DIY “brass” gallery/shelf tipping rails (much cheaper!).
I have loved the look of this delicate brass gallery rail for years. They are usually installed along the front of shallow shelves as a beautiful decorative accent to prevent items from sliding off the shelves.
I love anything made of brass, but I especially love beautiful little details like these pillars and rails. I’ve been wanting to incorporate it into my basement kitchenette, but real brass options don’t come cheap.
I ended up creating my own version that I think looks and works just as great.
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These were very cheap (I spent less than $80 on the tiles) so I splurge.
adhesive tile setting mat
I really like the installation.
It makes installing tiles so much easier and faster with much less confusion. However, it’s more expensive than mortar, so you’ll pay for the convenience.
After tiling, injecting grout, and caulking along the countertop, I installed a long, shallow ledge just above the tile backsplash.
I used poplar wood for this project and had plans to drill holes in it. I usually use pine wood, but pine wood is soft and cracks easily.
Only 3 pieces of wood are required, but in my latest version I used only 2: the back part (mounted on the wall) and the bottom part.
I calculated the cost of the brass posts and rails for the long shelf (about 9 feet long) and it came to a total of $200. I’m happy to splurge, but I was hesitant to order because I thought I could make something similar for less.
then i saw
This post by my friend Carly, and the wheels began to turn. I went to a craft store to see what kind of wood I could find to make this.
For this DIY version to work, I needed to be able to drill a straight hole through the wood peg. As a test, I tried to drill a hole with one, but I couldn’t drill a straight hole.
So instead, I made a small holder/jig for my little man. 🙂 I firmly nailed some wood chips around it for a snug fit.
I wrapped it with painters tape to prevent the wood from splitting at the entry and exit of the drill.
The hole height should be consistent across all pegs so that the rails are level across the finished shelf. I marked the same location on each and used a 1/4 inch drill bit to drill the holes.
Once the dwarves were all done, I made sure the holes had a consistent height.
The one on the left is a test piece that I ended up not using.
Since these are wood, I lightly sanded the pegs before final painting to keep the grain from showing. It definitely helped make it look more like solid metal.
After cleaning the metal bars, I also sprayed them.
I think spraying them took longer than installing the whole thing. Spray it a little, let it dry, and flip it over. Spray it a little, let it dry, and flip it over. 😂 We recommend holding them and spraying them half at a time.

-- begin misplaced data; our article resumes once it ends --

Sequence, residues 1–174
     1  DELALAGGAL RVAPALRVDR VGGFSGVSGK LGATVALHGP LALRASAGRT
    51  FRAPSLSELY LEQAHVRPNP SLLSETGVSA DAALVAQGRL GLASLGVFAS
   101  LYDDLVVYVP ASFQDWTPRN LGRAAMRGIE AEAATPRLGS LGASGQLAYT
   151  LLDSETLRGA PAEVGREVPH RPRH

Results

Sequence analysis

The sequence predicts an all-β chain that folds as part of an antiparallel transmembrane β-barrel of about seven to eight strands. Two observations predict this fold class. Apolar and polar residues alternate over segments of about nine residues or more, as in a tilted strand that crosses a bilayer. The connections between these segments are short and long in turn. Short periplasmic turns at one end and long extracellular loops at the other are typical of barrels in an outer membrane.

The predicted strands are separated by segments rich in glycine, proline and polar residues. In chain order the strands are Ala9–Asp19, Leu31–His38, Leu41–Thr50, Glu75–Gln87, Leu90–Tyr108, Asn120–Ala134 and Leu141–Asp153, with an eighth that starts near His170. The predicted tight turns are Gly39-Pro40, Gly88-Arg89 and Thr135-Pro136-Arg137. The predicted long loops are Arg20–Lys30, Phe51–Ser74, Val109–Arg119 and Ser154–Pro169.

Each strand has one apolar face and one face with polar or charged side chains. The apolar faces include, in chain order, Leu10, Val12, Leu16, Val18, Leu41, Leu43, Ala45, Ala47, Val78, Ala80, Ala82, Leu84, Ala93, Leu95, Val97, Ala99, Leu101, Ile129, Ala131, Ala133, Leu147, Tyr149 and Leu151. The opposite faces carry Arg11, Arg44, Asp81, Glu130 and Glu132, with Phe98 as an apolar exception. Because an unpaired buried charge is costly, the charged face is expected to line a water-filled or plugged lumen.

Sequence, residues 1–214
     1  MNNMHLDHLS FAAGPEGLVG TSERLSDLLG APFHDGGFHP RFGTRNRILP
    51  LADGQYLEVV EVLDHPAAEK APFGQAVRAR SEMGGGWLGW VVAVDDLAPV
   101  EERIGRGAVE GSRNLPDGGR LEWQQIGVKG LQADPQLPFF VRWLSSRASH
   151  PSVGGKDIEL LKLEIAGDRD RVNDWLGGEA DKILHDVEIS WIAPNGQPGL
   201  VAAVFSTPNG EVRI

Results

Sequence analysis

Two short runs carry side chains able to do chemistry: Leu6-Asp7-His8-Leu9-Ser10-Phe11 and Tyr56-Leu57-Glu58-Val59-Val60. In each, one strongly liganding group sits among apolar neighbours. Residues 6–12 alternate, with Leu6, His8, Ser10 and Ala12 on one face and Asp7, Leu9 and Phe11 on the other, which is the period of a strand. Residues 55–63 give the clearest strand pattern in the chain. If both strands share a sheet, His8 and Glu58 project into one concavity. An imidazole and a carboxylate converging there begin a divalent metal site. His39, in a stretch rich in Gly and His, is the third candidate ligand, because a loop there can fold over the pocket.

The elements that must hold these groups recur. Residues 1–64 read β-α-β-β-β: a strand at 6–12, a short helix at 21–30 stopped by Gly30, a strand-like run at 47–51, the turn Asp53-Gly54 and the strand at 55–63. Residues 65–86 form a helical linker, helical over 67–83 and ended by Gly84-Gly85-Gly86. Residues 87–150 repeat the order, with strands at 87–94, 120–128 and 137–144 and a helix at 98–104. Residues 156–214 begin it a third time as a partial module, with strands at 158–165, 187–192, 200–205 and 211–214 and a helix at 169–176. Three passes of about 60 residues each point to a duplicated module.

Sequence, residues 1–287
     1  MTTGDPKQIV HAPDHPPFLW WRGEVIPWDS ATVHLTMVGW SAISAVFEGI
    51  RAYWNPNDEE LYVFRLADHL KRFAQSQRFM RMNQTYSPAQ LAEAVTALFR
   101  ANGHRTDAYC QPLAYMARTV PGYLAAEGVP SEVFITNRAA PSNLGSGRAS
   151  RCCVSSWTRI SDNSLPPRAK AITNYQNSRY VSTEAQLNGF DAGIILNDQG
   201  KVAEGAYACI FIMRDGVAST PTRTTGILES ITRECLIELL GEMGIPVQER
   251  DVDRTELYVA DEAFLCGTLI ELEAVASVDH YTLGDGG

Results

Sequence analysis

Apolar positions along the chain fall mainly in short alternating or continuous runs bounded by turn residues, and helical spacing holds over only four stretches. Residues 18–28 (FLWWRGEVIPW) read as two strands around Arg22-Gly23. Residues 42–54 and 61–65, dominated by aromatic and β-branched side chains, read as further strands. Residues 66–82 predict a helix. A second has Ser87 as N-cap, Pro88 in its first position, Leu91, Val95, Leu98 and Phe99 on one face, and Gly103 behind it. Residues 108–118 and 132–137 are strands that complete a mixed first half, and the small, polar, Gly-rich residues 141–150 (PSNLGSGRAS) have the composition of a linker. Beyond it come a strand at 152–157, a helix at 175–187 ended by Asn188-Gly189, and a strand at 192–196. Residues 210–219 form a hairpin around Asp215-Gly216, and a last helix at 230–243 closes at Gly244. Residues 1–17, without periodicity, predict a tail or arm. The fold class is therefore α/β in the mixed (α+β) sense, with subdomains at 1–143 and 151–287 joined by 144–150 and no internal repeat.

Once everything was dry, I lowered everything into the basement for spacing. There are 7 pegs, 2 of which were installed at the ends. So evenly spaced he placed five.
I used a small drill bit to drill a hole in the bottom of each peg.
Be careful not to split the wood along the way. The key to doing this is to go slow with the drill, starting with small bits and working your way up to larger bits as needed.
I used the same small bit to drill the first hole in the ledge followed by slightly larger holes.
A mistake I made in this project was drilling holes big enough for the screws to avoid splitting the wood when installing the pegs.
I attached a screw to the bottom of each peg from the bottom of the shelf.
Again, be patient and slow when installing the poles. I took the time to drill the holes first, so I never had any issues with the shelves or pegs splitting.
I lifted each metal bar to see where it should be cut, and used the metal blade of the vibrating tool to cut it. It only took a few seconds to reach halfway down the rod. Then I snapped off the excess.
If you plan to do this project and need a significant reduction,
this cheap hacksaw
A tool worth having.
Once everything is in place, the rails are going nowhere. It’s incredibly safe and holds up well against the frames and boards on this narrow shelf.
You can also use wooden dowel sticks for the rails, but they are not very sturdy, especially if there is more than food or something between the posts.
we love it! Friends came over this week and got lots of compliments on my cute DIY tipping rail. 🙂
It took a bit of work, but I saved over $180 by doing this myself. 3 rods were $12 for him and $4 for wooden pegs.
A closer look reveals that the ‘brass’ pillars are wooden, but require inspection. Unless you’re an expert on brass gallery rails, I don’t think anyone thinks anything of wood anyway. 😉
I’ll have a few more projects completed and shared here before I do a full tour of the space.
Creating my own version of this gallery rail project was well worth the time. Now thinking about where I can add these around the house. I love little decorative details.